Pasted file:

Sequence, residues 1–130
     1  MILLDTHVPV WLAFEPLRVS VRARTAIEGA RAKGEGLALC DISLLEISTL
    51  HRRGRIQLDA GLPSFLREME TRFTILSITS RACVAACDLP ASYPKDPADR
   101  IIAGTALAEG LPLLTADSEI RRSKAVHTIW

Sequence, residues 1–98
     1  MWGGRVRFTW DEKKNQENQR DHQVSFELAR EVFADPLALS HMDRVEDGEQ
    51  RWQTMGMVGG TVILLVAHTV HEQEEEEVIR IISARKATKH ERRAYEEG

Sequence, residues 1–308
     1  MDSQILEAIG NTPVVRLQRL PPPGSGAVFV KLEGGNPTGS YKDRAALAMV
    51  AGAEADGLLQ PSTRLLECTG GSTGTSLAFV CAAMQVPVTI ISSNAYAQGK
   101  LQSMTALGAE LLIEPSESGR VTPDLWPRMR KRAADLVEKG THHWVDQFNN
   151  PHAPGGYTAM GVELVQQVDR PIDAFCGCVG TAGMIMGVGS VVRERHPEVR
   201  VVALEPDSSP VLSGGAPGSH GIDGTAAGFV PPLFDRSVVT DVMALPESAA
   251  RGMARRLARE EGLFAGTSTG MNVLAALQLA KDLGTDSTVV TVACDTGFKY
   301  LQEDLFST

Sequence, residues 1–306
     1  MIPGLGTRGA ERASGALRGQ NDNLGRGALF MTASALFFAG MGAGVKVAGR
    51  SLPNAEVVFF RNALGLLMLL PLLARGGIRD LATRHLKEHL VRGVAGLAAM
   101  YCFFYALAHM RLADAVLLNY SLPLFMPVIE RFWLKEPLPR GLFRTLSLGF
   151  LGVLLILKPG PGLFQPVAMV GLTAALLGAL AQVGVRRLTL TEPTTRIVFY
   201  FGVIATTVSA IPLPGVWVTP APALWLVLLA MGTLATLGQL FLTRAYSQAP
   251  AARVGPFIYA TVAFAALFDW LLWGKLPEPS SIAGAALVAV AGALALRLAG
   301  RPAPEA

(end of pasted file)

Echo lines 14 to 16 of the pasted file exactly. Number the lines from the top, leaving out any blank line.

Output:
   251  RGMARRLARE EGLFAGTSTG MNVLAALQLA KDLGTDSTVV TVACDTGFKY
   301  LQEDLFST

Sequence, residues 1–306